May 27, 2024
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Parshat Terumah: Wuddup Dawggg

The Midrash Tanchuma on this week’s parsha records an interesting and intriguing conversation between Turnus Rufus and Rebbe Akiva. Turnus Rufus asked Rebbe Akiva: “What did you dream about last night, and what did you see?” “I dreamed about two dogs last night, one was named Rufus, and the other Rufina.” [Funny thought: Rufus sounds like “roof!”—the sound dogs make.] Turnus Rufus became infuriated and said to him: “How dare you call the dogs by my name and by the name of my wife? You are guilty of treason against the government.” Rebbe Akiva responded: “Is there actually a difference between you and them? You eat and drink, and they do likewise; you are fruitful and multiply, and so do they; you die and they die; yet because I called them by your names, you have become angry.

I think we need some clarity on this high-heated debate between Turnus Rufus and Rebbe Akiva. Let’s examine both sides of the argument: Turnus Rufus seemed to feel that he should not be compared to a dog. Seemingly he has a point, for after all, he is a human being and a dog is an animal! So then what does Rebbe Akiva mean when he in fact claims that to the contrary, Turnus Rufus is like an animal? On the flip side, Rebbe Akiva has a strong point: Yes, you may be of the species that stands on two instead of four, but practically speaking what is the difference between you who stand firmly on two versus those who are perched up elegantly on four? Yet, we don’t see in this Midrash Turnus Rufus responding: “Indeed, Rebbe Akiva, you have a very good point, and, yes, I agree with what you are saying.” That would be a critical point in this story and a must for us to know! Sounds like maybe Turnus wouldn’t agree. So, if it’s safe to assume that Turnus Rufus holds strong to his tails, what then was his philosophy of the dominance of a human being over an animal?

Turnus Rufus may have been bothered by that with which every human being constantly grapples. Every one of us understands deep down our nobility as a human being, the exalted caliber we possess and our ability to make a tremendous impact on ourselves and the world at large. Yet, what causes internal rift is when we feel that we are not quite accomplishing that which we are supposed to do: namely, living on a spiritual plane. As a result, a person may try to fill the vacuum with all kind of physical or intellectual achievements in an effort to connect to that greatness inside. And so, perhaps, when Rebbe Akiva compared him to an animal, that integral part of him, his dignity, immediately objected. I am a human being, a person with naturally given great stature, not an animal! Look at my accomplishments, all my tremendous feats! Yes, this is a good argument and likely that Rebbe Akiva knew this also, so then what did he mean when he gave Turnus Rufus a reality check to the contrary? Perhaps Rebbe Akiva was saying: “Turnus, you have the wrong definition of a human being. Just because you are more capable, intelligent and have advanced sophisticated works, practically speaking you’re just like one of them. You eat, they eat; you work, they work; you sleep they sleep; you procreate, they procreate. What separates you from the animal species!?” The crucial divide between man and animal is man’s ability to be in touch with Hashem, to live on a Godly plane, a realm that animals do not surpass nor can ever attain, and this, Turnus Rufus, you just. ain’t doing.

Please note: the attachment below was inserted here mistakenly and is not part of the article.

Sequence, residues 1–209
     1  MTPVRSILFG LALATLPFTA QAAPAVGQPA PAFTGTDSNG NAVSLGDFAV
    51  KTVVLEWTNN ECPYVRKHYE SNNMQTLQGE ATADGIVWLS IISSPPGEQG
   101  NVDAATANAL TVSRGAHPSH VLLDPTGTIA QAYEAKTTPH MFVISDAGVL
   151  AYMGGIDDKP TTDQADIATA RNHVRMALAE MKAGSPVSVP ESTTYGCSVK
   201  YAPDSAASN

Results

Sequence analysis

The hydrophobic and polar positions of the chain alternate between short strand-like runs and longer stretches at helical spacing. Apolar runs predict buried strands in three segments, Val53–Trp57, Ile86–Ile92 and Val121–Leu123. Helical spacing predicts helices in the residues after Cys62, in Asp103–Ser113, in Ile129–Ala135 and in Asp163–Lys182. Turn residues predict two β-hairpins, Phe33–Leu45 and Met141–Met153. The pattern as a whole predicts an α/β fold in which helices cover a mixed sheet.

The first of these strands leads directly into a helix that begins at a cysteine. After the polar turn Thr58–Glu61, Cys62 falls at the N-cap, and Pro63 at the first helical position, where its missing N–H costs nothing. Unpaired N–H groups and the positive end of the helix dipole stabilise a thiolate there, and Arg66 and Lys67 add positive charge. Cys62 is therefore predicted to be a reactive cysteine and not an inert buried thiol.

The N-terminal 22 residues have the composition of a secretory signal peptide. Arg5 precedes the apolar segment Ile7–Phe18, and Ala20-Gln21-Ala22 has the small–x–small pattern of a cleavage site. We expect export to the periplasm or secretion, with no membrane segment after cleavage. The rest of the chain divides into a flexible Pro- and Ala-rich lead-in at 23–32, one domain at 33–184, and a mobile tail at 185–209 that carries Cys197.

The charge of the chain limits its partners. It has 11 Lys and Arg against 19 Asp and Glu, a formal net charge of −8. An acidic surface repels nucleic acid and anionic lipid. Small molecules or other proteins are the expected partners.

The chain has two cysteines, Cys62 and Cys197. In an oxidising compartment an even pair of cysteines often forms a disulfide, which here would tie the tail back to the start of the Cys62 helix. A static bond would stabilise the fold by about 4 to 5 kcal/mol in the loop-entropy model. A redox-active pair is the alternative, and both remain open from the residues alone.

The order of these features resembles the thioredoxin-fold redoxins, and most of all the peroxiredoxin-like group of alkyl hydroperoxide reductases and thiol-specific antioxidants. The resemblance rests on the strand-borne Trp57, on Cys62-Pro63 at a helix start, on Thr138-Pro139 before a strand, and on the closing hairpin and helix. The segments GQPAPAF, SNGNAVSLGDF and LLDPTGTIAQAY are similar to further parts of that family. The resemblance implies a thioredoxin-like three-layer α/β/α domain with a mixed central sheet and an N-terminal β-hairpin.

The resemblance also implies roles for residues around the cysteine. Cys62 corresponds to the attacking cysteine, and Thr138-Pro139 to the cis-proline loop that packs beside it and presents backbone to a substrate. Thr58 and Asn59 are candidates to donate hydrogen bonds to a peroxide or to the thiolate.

Rebbe Akiva’s reality check applies to each and every one of us. We need to often step back from our busy schedules and ask ourselves from where our pursuits stem and to where they are headed. How much are we listening to that voice inside that craves a relationship with Hashem, and how do we react to it? Are we just striving for more comfort, for more riches, for more accomplishments to help fill that void? Or are we truly letting our internal greatness shine, by being invested in really connecting to Hashem by searching for more opportunities to grow in ruchniyot and in our character? Many moments throughout the day we are presented with tests that challenge us to decide whether we will make the decision that will keep us on a animalistic plane, or whether we will reach higher and make the decision that will raise us to a Godly plane, that which will refine us as a human being and ultimately enhance our relationship with Hashem. Rebbe Akiva’s message motivates us to look at ourselves in a greater light, to understand that we have the potential, opportunity and charge to elevate ourselves beyond this physical sphere we occupy, and to recognize that while our two feet may be planted firmly on the ground, our heart’s desires should always be aimed upwards.

By Binyamin Benji


Binyamin Benji currently learns in Rav Herschel Schachter’s kollel at RIETS, and is a semicha candidate there as well. He holds an MSW from Wurzweiler School of Social Work and is the author of the weekly Torah portion in the Sephardic Congregation of Paramus’ newsletter. He can be reached at [email protected].

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